SAN MARCELINO, Zambales (Xinhua) – It’s a double celebration for Jaderick Castillo, 12, and some other 1,000 residents of a village of this town in Zambales.
On June 7, which marked a beloved traditional festival in China, the Dragon Boat Festival, a Chinese-funded solar project lit up Baliwet, a mountain village in this town, about 190 km northwest of Manila. Electricity supply finally arrived at this remote village.
The Chinese staff working for the State Grid Corporation of China (SGCC) brought children who live in Baliwet dozens of zongzi, the sticky rice dumplings served during the annual Dragon Boat Festival and they tasted traditional Chinese food for the first time.
It was a brand new experience for the children and the whole village to have electricity, produced by solar stations donated by Chinese company SGCC.
The solar project not only brightens up the remote village, but also offers a ray of hope to the poor villagers who have no access to electricity for decades and depended solely on kerosene gas lamps and batteries to power their TV sets and flashlights.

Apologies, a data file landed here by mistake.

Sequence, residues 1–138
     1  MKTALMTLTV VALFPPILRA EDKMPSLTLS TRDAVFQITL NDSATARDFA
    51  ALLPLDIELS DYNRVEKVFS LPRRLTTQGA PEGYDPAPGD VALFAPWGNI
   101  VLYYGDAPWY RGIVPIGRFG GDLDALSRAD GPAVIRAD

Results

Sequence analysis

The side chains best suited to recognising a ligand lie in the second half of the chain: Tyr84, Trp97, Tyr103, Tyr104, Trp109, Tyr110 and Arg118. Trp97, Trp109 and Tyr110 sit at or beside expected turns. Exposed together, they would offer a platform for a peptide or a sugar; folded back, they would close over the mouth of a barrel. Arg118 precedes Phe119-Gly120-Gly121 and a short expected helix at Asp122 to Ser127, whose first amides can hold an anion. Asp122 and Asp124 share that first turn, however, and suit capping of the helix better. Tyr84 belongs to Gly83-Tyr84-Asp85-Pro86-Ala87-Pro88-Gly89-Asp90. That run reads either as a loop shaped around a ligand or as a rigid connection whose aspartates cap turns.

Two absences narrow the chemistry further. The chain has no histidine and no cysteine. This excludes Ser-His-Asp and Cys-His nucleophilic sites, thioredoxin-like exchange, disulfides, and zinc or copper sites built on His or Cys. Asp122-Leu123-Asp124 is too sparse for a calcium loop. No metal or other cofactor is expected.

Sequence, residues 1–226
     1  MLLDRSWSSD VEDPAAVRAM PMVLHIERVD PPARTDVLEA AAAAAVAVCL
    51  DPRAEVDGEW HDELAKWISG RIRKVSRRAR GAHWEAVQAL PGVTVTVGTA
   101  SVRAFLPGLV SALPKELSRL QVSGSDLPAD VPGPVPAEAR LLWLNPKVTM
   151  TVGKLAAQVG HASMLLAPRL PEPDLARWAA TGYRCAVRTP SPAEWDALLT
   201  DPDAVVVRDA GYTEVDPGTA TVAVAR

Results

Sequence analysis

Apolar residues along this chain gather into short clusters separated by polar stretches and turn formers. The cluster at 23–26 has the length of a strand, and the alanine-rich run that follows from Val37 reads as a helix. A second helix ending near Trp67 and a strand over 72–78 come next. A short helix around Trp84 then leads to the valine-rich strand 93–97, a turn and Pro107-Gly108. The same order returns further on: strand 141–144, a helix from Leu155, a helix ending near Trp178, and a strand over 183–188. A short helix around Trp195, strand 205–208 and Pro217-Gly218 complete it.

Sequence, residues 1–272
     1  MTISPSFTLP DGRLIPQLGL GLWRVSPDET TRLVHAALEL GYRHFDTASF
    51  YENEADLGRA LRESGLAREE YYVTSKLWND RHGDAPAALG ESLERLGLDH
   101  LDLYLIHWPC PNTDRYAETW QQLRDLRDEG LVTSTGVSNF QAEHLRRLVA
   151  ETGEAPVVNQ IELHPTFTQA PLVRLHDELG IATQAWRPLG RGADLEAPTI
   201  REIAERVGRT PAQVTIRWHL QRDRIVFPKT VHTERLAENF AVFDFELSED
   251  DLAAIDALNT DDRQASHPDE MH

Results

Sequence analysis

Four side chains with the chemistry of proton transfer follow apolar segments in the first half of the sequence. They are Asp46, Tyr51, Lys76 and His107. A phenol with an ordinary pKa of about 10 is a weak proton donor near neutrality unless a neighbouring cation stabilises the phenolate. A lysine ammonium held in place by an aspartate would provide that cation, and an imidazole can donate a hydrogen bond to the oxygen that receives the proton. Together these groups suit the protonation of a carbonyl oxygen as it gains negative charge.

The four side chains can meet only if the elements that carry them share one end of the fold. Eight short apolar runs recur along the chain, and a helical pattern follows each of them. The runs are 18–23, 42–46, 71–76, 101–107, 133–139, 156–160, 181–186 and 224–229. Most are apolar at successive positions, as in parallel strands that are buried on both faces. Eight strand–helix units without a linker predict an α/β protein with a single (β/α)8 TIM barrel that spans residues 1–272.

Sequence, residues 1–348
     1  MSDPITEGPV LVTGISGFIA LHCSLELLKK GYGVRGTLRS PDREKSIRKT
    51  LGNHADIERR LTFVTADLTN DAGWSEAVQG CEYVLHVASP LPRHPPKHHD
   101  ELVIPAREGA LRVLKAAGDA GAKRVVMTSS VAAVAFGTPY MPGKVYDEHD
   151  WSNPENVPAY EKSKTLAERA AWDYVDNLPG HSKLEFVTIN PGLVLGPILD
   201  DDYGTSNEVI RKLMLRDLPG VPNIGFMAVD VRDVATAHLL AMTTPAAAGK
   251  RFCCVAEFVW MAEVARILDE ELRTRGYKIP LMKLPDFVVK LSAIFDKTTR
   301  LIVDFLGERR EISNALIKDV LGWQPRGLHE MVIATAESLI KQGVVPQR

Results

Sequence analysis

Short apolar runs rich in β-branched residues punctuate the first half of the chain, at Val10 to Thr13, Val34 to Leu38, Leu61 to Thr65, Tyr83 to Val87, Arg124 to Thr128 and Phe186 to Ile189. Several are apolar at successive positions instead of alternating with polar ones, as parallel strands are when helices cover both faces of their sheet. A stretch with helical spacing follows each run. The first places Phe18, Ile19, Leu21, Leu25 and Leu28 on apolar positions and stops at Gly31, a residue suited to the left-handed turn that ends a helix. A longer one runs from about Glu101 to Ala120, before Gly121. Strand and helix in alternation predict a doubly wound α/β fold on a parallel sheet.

Due to its remoteness, no local power company is willing to invest in Baliwet. Villagers had to travel several kilometers to town to charge their mobile phones.
As part of the closer ties between China and the Philippines, SGCC signed in Baliwet a memorandum of agreement in January with the Philippine National Electrification Administration (NEA) and the Zambales II Electric Cooperative (Zameco II) for the solar project.
Under the deal, SGCC’s “Brighten Up” project would install a solar panel system for Zameco II, capable of delivering power to over 1,000 residents including two schools with 108 students in the village. The project, which will be officially finished at the end of June, is hoped to lift the villagers out of poverty and lead them to a bright future.
According to Liu Ming, the deputy chief representative of SGCC Philippine Office, the “Brighten Up” project is the first charitable project independently launched by a Chinese-funded enterprise in the Philippines.
“The power supply project uses solar micro-grid to provide centralized power with a power generation capacity of 76kW and a battery storage capacity of 390 kWh. It basically meets the day-to-day needs of the villagers,” he told Xinhua.
Liu said the “Brighten Up” project “is one that evolves as it does not stop at simply installing the power supply.”
“It provides long-term operation, maintenance and interactive exchanges, enabling everyone to continue to build relationships that strengthen the human spirit.”